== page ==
Maxwell Lieberman is a Ph.D. candidate in anthropology at the University of Iowa, who received a grant for “The Last Wild Bison” to research the bison herds of Yellowstone National Park. These bison are in need of protection and Maxwell’s work looks to serve bison advocates through a map of the values that influence stakeholders and decision makers who are directly involved with the Yellowstone bison controversy. He writes:
These bison are the last continuously wild and migratory members of their species in the continental United States, and unfortunately face harassment and persecution when they leave the park boundaries. Meaningful protection of these last wild herds, and ideally their eventual growth, will require an understanding of the values that inform key participants in the debate over the Yellowstone bisons’ future.
My research most directly serves bison advocates; this includes nonprofits pushing for greater protections of the Yellowstone bison and Native American activists fighting for greater habitat for the herds. A more nuanced sense of the attitudes and beliefs that motivate each of the parties involved in the Yellowstone bison conflict will strengthen the work that wildlife advocates have been doing in the region for decades already.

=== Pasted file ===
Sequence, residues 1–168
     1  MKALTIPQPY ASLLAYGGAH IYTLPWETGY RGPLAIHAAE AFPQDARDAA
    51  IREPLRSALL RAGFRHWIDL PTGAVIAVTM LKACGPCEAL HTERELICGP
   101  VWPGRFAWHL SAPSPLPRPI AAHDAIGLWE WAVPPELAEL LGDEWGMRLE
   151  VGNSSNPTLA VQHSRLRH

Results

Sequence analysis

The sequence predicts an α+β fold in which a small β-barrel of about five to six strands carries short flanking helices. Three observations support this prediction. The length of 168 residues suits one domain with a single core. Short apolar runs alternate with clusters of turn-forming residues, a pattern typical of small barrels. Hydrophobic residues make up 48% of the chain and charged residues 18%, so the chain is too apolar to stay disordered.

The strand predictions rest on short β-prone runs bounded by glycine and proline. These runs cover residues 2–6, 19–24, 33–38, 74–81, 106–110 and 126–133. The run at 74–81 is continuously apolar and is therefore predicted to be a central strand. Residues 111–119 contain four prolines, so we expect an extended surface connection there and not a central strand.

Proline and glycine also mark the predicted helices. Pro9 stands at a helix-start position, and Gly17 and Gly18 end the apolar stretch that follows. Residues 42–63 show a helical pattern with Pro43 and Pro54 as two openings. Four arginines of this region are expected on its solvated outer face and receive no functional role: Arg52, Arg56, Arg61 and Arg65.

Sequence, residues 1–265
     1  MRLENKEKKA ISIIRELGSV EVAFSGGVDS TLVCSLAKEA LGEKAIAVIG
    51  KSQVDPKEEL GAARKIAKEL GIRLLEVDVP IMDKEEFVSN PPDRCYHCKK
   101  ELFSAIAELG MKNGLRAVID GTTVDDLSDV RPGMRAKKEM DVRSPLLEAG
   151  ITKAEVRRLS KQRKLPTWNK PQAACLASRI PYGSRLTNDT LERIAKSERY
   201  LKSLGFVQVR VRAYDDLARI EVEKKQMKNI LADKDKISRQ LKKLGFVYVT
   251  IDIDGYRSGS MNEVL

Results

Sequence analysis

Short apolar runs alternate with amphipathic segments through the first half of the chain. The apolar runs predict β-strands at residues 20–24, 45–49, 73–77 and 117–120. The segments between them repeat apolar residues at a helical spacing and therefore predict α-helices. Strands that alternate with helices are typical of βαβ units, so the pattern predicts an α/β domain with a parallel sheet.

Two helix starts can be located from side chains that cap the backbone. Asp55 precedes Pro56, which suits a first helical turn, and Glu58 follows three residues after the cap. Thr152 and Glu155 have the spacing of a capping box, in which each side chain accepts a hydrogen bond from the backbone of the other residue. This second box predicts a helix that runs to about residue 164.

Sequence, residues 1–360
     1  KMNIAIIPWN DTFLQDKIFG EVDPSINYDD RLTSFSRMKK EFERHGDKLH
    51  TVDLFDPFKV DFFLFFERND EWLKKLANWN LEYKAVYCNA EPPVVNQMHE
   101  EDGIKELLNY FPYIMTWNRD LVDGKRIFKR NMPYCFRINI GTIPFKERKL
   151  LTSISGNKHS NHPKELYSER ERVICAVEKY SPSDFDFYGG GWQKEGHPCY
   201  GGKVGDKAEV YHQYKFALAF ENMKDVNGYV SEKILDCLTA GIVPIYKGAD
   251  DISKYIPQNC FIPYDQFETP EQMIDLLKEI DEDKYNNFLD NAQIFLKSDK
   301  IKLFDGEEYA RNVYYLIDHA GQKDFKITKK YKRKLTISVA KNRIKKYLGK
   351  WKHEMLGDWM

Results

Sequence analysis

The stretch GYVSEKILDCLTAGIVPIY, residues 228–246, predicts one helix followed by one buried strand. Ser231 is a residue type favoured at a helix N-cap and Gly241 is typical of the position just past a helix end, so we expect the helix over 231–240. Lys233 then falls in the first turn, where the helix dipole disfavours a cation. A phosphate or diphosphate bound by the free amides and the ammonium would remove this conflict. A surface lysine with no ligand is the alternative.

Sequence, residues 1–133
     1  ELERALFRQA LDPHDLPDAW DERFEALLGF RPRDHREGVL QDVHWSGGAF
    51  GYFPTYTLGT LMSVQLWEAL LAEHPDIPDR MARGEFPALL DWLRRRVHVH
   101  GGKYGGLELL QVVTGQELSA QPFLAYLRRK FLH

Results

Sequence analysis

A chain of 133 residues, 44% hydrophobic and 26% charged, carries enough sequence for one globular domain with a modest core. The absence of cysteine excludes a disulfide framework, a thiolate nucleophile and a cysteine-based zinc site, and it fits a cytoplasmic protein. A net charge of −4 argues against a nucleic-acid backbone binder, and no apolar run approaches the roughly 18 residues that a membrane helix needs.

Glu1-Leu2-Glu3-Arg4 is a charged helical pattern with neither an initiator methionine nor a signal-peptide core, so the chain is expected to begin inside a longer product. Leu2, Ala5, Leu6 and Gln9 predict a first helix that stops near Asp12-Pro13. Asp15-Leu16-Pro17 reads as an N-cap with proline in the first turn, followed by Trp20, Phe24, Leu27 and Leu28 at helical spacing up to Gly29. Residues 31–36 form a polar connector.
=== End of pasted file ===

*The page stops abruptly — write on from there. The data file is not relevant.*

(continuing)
CAF’s grant allowed Max to conduct fieldwork in the Greater Yellowstone Ecosystem. He was able to meet with representatives from regional nonprofit organizations and government agencies who are active in bison conservation. One of his highlights was spending an afternoon observing bison and learning about their behavior from a Yellowstone National Park biologist. He also met with conservationists in the Bozeman area who are working on a bison reintroduction project in the state of Montana.
Maxwell is currently working on a variety of projects. He is interested in researching the deeper history of Yellowstone National Park, and its legacy in global conservation efforts. He has also started learning basic digital mapping skills to supplement his ethnographic research. With these skills, he intends to create maps that will illuminate where bison and humans are coming into contact in the Greater Yellowstone Ecosystem, as well as where bison need greater protection once they leave the national park and enter the state of Montana. He is also currently working on a preliminary research project concerning whitetail deer in Iowa City, IA, where he is located as a graduate student, hoping to contribute research that will aid in mitigating urban wildlife conflicts.